Evaluating, purchasing and implementing a Unified Communications (UC) system is a big project with its share of technical and financial considerations to make. While some UC deployments can seem complex, it’s surprising to realize that oftentimes, the most “complex” obstacle to overcome is… faxing. Ah yes, faxing. Faxing has been around in one form or another since the American Civil War era and has been handled by telephone systems since the 1960’s – and it’s a thorn in the paw of most UC deployments. Why is this the case? A more pressing question may be, considering all the advancements in email, document sharing, and electronic signatures, why do we still need to fax?
First, let’s understand why fax is still around. There are two industries in particular that are driving the continued use of fax: healthcare and legal. Healthcare professionals are bound by HIPAA (Health Insurance Portability and Accountability Act), which requires all communication between providers and patients to be secure. Many recent security breaches have shown that email is not quite there yet, so faxing documents is the primary option for healthcare organizations. In the legal world, courts are much more likely to accept fax documents as opposed to email. Attorney A. Paul Genato of Princeton, New Jersey-based Archer and Griener, P.C says, “…some court rules accept fax signatures in lieu of original signatures and have not been updated to include signature copies sent via email.” Until document security improves, the legal system will continue to be cold on email and fax will continue to live on!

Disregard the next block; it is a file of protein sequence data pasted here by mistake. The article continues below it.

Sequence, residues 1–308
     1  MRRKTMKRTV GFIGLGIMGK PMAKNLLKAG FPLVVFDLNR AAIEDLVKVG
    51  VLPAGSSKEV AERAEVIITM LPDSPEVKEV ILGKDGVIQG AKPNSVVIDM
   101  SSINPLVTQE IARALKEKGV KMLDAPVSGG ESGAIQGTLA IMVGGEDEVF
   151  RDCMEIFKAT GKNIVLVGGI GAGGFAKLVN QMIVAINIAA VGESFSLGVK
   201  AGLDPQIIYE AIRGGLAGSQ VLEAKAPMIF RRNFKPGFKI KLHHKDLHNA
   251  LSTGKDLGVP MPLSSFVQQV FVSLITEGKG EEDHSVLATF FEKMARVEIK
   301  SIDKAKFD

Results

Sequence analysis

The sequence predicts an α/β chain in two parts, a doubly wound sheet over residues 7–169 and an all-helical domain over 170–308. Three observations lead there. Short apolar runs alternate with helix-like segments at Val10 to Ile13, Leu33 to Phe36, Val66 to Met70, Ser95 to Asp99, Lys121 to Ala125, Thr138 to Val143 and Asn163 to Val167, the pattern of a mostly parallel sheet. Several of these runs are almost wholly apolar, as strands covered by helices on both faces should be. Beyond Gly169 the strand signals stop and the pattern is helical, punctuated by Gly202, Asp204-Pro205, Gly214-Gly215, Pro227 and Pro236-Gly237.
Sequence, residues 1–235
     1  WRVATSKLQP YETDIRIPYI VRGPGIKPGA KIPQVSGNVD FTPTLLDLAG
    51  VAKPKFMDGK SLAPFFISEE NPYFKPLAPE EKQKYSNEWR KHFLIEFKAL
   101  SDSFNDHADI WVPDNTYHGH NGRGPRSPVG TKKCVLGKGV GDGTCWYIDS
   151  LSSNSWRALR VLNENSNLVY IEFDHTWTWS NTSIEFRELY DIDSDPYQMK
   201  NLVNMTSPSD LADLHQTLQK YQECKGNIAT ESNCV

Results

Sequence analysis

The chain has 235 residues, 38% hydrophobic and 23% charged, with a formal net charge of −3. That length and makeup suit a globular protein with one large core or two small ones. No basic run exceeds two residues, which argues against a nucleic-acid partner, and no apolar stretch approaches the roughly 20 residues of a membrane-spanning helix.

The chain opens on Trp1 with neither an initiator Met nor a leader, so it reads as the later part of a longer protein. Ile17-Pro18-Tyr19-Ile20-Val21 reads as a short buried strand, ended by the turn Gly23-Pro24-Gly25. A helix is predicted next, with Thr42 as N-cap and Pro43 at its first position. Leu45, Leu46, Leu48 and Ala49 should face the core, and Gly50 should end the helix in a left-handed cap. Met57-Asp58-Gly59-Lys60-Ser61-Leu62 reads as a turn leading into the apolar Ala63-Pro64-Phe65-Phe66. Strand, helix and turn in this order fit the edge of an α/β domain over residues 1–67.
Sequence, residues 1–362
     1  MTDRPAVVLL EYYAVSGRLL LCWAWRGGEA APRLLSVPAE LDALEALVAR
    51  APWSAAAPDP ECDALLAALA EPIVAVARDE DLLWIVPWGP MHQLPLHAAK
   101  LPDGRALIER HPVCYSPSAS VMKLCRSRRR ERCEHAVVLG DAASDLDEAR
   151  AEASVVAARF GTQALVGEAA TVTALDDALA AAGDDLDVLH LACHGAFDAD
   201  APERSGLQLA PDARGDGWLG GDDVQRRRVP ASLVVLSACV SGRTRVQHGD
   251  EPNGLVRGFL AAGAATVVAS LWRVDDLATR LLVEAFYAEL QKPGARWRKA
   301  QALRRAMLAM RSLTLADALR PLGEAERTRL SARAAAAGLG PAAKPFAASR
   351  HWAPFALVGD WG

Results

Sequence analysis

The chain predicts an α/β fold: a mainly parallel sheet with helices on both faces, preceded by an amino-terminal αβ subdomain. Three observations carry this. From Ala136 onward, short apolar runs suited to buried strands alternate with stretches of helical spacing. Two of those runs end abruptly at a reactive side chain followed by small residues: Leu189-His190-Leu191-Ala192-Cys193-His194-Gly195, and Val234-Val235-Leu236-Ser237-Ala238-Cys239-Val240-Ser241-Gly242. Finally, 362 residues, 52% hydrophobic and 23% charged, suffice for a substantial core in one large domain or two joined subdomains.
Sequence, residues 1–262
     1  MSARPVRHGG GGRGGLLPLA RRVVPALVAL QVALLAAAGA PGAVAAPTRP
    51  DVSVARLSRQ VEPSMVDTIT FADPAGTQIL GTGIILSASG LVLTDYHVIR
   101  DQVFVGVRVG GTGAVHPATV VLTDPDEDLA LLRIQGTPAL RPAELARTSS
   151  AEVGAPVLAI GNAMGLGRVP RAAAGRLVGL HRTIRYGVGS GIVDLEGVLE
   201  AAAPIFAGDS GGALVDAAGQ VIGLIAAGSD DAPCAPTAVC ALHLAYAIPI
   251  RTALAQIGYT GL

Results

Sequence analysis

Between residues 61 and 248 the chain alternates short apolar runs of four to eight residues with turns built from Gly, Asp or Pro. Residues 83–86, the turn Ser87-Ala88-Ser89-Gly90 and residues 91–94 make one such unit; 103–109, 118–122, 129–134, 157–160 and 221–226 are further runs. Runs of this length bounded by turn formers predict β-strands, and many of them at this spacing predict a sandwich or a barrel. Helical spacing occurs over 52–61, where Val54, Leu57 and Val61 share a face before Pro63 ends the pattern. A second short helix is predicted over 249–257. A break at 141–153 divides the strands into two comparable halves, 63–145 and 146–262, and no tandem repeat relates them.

So what about faxing over IP? Why is it such a challenge for IT to implement? The answer to this question is that faxing has never been a perfect technology. How many times have you gotten the dreaded “Fax transmission failed” confirmation sheet, even with a fax machine connected to a dedicated analog fax line? I’m sure the answer is much more than once. Now, take that same process and put it on your data network with all the other traffic, and you have a recipe for trouble. The protocol used for faxing over IP is called t.38 and it has proven to be sufficient for companies where faxing is not a priority, but not for businesses reliant on fax as a key facet to their success. Unfortunately for IT staffs looking to deploy a new phone system, faxing may still need to be a consideration for you. If your company doesn’t use fax too often, modern IP fax options either built into a phone system or sold separately from a 3rd-party will work just fine. If you are in healthcare, legal, or another industry heavily reliant on faxing, you may want to consider doing fax the old fashioned way, with a dedicated analog fax line.